To live a long time is nothing, to live a long time wisely is something.”
–Louis L’Amour (The Californios)
“My child, never forget the things I have taught you. Store my commands in your heart. If you do this, you will live many years, and your life will be satisfying.”
–Proverbs 3:1-2 (NLT)
See if you feel a pin-prick or maybe a dagger thrust as you read the following. All I can say is “Ouch!”
“If anyone, then, knows the good they ought to do and doesn’t do it, it is sin for them.”
–James 4:17 (NIV)
“Most of the time when we sin we are fully aware that we are doing so. We know what we ought to do but our selfish sinful nature leads us astray. We rationalize our sins by telling ourselves that no one is being hurt or that no one will know, or that everyone acts this way.
Driving over the speed limit is a good example. When we drive over the speed limit we are usually aware and rationalize our bad driving behavior by telling ourselves we really aren’t hurting anyone. Or we might tell ourselves that everyone else seems to be going over the speed limit too.
One who rationalizes these small sins will probably find it easy to rationalize larger and more serious ones. We know the good we ought to do; we just don’t want to do it. Everyone should make a more serious effort to do the right thing, all the time and without rationalizing.”
(taken from the “Good News Journal”)
November 3, 1723, a child was born in the colony of Delaware–Samuel Davies. He would be ordained a Presbyterian minister in 1747 and began to preach in Virginia, a place where the established church was the Church of England. He was the first preacher licensed outside the established church.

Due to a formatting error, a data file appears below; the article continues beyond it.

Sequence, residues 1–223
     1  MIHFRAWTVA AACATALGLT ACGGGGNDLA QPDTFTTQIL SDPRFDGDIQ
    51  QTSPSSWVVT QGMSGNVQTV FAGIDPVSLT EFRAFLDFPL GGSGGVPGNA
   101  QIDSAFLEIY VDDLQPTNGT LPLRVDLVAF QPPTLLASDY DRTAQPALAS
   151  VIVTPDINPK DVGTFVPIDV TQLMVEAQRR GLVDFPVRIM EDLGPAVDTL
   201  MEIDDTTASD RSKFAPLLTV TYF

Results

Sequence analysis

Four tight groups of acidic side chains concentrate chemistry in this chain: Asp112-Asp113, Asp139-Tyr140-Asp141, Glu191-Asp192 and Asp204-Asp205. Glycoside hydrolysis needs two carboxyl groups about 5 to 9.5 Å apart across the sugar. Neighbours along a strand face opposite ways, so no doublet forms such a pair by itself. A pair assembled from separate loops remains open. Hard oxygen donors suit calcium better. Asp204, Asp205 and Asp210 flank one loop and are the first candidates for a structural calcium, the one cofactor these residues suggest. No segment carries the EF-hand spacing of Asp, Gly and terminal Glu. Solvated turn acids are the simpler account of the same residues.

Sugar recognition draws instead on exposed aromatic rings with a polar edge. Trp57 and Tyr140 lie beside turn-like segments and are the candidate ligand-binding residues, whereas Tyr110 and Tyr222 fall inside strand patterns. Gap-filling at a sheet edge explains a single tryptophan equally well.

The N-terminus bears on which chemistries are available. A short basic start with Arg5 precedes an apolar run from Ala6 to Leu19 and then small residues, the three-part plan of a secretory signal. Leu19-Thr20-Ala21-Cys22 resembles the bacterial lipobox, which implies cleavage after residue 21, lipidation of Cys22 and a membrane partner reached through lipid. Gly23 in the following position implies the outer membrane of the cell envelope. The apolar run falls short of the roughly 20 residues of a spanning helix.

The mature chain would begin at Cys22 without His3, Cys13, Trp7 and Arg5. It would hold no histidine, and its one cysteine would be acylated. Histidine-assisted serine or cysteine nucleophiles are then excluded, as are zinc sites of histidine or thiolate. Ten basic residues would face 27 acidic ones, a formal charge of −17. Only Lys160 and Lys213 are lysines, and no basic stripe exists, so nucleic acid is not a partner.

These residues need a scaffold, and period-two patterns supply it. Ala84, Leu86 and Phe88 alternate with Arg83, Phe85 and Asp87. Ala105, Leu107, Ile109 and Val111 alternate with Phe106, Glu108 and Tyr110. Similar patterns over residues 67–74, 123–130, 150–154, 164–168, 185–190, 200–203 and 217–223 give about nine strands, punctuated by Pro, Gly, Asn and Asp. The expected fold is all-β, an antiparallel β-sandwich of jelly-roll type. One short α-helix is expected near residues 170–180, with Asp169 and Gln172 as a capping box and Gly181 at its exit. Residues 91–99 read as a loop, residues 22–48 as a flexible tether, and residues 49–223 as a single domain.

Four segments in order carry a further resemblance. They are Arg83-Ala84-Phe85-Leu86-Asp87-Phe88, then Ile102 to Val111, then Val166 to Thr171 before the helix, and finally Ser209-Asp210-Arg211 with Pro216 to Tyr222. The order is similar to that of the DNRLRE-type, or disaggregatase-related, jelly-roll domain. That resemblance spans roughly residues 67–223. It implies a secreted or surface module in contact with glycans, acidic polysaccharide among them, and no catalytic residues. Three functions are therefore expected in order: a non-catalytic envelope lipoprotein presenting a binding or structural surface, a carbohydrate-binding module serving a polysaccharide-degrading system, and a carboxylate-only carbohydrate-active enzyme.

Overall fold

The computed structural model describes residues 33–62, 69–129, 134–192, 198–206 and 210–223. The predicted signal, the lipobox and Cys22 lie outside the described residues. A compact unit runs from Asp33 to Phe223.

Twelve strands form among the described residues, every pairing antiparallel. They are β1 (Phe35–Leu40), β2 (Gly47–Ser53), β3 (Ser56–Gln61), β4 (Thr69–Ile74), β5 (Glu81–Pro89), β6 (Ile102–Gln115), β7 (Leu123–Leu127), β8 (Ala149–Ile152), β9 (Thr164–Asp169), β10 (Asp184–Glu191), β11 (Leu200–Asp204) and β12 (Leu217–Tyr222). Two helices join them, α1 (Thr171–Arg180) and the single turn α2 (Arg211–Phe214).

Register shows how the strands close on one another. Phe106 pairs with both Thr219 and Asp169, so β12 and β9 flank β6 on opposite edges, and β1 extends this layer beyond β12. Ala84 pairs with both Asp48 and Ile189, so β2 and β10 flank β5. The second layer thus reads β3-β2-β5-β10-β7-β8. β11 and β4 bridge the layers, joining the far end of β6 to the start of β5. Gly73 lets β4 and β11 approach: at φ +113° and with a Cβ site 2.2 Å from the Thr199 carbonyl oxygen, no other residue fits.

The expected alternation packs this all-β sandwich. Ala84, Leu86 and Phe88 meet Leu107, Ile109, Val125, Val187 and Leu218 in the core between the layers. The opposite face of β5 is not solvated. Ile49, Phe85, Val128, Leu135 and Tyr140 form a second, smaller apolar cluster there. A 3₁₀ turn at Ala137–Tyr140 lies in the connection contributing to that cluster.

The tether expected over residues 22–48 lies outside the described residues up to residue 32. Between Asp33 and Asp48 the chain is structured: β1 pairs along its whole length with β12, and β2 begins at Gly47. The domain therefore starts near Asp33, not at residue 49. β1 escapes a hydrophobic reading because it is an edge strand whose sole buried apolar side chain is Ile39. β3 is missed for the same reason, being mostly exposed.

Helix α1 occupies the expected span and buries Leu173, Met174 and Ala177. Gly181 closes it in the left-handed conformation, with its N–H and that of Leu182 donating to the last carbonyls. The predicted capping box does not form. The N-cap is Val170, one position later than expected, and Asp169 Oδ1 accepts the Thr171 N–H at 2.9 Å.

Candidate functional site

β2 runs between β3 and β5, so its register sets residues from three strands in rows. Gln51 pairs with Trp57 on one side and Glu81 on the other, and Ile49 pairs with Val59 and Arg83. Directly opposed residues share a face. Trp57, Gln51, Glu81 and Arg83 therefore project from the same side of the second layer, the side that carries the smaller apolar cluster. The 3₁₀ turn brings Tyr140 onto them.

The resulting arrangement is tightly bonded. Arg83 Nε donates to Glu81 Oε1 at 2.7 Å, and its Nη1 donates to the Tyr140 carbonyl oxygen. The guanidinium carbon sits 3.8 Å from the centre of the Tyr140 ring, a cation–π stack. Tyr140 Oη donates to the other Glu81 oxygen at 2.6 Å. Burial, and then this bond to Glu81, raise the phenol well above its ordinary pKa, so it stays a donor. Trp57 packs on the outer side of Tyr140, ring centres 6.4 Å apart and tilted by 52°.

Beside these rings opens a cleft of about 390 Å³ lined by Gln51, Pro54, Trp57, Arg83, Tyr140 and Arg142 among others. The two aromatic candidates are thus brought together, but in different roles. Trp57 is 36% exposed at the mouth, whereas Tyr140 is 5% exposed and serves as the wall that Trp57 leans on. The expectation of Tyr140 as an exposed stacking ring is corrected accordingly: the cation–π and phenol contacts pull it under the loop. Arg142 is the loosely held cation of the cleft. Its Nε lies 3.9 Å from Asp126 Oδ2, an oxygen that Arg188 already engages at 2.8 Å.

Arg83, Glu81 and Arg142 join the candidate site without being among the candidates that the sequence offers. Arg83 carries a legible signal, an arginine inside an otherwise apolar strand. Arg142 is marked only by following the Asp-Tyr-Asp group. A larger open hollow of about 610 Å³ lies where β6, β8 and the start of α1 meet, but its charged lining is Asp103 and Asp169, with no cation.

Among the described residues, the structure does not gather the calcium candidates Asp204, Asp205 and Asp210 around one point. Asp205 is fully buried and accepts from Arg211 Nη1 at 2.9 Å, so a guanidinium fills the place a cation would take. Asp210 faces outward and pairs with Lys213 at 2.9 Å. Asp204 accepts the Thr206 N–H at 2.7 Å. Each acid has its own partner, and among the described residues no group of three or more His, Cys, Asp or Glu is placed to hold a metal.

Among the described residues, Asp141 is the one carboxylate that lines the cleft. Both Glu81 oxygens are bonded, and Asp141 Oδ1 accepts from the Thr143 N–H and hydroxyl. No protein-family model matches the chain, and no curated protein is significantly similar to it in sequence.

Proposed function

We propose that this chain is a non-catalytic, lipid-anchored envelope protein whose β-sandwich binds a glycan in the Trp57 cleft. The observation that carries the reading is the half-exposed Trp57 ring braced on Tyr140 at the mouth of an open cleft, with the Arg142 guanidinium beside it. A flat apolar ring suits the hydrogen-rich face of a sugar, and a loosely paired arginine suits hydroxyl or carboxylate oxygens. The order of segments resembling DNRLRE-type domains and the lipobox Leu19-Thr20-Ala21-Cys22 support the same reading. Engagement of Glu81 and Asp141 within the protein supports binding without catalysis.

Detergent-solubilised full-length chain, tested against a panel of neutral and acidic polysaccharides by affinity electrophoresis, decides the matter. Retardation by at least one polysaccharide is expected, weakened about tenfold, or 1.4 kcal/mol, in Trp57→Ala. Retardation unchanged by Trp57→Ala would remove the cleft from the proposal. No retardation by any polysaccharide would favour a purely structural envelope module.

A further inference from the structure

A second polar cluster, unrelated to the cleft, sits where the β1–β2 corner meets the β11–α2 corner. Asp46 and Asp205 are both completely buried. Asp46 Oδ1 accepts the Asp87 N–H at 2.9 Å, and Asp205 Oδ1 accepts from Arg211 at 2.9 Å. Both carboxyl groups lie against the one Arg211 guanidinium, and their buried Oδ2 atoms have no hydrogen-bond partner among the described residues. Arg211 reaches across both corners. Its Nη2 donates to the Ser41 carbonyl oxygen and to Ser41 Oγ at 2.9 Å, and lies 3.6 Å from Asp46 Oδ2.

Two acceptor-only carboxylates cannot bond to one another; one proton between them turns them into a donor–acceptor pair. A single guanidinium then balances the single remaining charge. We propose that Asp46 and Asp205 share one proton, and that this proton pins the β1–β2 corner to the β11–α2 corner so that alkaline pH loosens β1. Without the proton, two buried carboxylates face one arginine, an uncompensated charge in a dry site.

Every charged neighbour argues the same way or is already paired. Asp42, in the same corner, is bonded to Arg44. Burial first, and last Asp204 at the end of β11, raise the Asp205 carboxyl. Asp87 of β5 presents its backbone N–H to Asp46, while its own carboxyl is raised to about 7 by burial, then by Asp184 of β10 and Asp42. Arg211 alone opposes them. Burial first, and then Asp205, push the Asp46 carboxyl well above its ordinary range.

While pastoring in Virginia he heard of a new college founded in New Jersey. It started out as the Log College, but was now calling itself the College of New Jersey and it was open to all denominations. The school persuaded him to travel with one of the founders, evangelist Gilbert Tennent, to England to raise money for the school and they raised enough to erect the first permanent building, Nassau Hall. Later he was asked to serve as president of this school and by the time he died in 1761, the school was being called Princeton.
Patrick Henry remembered Davies as the man who taught him what an orator should be as he heard him preach many times as a child. Davies “would be very proud that the college he helped establish is one of the elite schools in America. He would likely be horrified that the school has, like the other Ivy League colleges, become aggressively secular.”
(taken from The Christian History)